Natural Bass, which adds powerful boost and bass extension
Twittering and texting are the way to go in case of emergency, like Los Angeles' 5.4 earthquake which hit on Tuesday.
According to cnet news, landline and cellular phone networks were heavily congested as callers jammed the lines, creating frustration for some users who had difficulty getting calls through.
"If you're on a wireless network and you can't get a call through, often the texting network won't be as congested," said John Britton, an AT&T spokesman.
He also advised users to forgo making non-emergency calls when natural disasters strike, in order to free up network resources for emergency calls.
The earthquake not only created network congestion for AT&T callers, but for Verizon customers, too. "
Related: - As early as 2003, The CTIA, reminded all Americans in a press release, that text messaging can be a fast, efficient and reliable way to communicate in the event of an emergency. And, if more wireless users rely on text messaging in crisis situations, the people who need to make voice calls the most - emergency responders and 911 callers - can get through more easily.
July 29, 2008
Collaborating with the Mixed Reality Lab, Kelly made bonnet's fitted with a speaker and an extra 'ear' - a cone at the back of the bonnet that funnels sound to a microphone embedded in the fabric.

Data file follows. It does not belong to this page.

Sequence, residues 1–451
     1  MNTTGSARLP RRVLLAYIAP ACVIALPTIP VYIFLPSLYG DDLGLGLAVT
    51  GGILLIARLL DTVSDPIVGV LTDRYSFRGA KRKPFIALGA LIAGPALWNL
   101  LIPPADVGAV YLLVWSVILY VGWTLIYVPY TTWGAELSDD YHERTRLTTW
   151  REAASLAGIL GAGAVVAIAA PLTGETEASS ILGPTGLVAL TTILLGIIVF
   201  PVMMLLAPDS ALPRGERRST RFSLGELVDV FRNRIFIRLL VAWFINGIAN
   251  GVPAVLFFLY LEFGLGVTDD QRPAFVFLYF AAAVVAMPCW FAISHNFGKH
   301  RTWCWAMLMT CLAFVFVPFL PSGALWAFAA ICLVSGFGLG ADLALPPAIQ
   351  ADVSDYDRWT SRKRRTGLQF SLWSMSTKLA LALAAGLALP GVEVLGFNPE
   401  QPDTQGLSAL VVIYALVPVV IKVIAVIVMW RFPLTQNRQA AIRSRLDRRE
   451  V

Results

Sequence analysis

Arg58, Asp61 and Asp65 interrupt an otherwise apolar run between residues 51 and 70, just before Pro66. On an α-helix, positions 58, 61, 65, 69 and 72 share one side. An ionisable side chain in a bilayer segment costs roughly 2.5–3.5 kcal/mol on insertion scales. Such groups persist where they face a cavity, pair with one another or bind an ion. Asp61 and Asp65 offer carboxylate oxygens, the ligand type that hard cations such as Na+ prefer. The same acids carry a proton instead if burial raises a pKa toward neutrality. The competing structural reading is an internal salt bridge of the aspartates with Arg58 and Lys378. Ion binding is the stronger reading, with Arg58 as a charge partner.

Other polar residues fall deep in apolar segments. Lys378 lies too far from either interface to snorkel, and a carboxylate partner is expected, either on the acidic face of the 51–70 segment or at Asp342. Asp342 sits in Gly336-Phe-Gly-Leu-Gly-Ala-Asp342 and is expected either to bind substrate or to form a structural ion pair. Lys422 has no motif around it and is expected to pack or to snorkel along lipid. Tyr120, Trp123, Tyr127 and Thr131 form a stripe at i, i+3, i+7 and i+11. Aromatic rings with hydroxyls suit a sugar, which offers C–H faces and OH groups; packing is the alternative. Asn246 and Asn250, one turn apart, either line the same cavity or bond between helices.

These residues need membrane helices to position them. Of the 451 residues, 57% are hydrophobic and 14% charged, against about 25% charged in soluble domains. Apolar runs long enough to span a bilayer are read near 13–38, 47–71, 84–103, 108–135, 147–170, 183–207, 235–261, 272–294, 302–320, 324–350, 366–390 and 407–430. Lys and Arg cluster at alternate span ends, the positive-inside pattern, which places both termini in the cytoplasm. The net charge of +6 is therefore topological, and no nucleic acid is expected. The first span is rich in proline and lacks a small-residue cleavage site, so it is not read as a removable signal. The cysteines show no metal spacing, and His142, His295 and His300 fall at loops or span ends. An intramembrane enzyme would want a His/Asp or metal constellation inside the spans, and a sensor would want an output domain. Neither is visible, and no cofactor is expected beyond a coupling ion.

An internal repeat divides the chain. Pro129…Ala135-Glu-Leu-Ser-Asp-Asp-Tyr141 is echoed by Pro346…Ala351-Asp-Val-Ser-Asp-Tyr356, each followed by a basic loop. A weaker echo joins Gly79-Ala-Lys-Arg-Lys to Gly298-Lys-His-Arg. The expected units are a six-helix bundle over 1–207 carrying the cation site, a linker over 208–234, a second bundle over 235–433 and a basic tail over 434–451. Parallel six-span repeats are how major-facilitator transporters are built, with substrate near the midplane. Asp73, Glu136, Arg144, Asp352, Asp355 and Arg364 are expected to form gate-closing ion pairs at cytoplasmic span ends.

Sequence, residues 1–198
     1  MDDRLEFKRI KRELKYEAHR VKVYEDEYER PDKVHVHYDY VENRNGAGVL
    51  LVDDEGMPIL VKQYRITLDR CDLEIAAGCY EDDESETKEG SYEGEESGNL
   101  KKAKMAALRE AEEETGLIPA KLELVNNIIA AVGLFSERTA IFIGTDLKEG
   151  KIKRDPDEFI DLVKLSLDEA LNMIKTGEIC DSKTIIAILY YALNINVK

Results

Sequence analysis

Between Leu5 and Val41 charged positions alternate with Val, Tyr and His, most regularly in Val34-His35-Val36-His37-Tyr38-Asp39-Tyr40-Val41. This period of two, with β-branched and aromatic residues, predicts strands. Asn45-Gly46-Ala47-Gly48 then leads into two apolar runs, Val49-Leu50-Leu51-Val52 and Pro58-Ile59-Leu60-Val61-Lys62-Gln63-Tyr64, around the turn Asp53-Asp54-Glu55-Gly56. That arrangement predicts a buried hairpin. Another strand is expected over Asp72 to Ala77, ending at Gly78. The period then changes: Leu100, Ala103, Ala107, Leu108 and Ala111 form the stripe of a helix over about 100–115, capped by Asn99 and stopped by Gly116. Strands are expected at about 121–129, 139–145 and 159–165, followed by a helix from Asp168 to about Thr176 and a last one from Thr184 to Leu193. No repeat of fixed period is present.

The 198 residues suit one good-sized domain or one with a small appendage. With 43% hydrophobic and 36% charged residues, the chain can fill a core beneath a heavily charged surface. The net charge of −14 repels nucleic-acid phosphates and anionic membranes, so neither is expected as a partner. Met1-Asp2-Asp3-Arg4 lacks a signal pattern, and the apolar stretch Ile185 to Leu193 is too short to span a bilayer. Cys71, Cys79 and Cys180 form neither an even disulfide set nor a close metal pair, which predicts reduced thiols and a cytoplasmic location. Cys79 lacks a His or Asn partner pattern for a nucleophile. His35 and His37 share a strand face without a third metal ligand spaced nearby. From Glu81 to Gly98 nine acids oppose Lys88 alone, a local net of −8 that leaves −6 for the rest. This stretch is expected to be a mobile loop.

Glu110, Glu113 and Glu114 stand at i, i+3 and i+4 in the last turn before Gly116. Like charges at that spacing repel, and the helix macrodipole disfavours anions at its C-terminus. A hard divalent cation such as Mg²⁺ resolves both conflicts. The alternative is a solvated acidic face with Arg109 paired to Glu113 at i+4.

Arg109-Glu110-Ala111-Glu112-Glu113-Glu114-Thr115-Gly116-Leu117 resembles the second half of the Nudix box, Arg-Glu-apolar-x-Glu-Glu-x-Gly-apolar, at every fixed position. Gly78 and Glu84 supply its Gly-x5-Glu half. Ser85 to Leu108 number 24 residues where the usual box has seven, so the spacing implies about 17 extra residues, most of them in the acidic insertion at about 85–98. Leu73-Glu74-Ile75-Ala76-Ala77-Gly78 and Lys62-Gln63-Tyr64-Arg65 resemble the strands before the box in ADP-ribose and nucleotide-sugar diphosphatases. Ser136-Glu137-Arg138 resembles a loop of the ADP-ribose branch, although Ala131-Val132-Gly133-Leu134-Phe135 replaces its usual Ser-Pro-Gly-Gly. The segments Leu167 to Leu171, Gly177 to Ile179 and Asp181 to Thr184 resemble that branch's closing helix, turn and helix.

Signals are transmitted to a speaker in the bonnet of a partner user, via mobile telephone bluetooth.
Latest headlines from around the Web:
A 20-year-old Russian sent out four hundred death threats ("Death to Russian pigs and to you, freak!") to random phone numbers, according to Russia Today.
"Authorities tracked down the sender, who was in fact Russian, by tracing the phone number he had used. As Anton Shurubara explained to authorities upon his arrest, "I was just joking around. I wanted to see what people's reactions would be."
The court's reaction was that the mass text message amounted to racial hatred and a provocation to extremism, and placed him on one year of probation."
The latest data on mobile phone use in the UK has revealed a huge spike in text messaging and data-based communications, often at the expense of the conventional phone calls. ITPro reports.
"Nearly 1.5 billion (1,492,400,769) text messages were sent per week between January and May, 2008, according to the Mobile Data Association. Year-on-year growth for May 2007 to May 2008 was 30 per cent.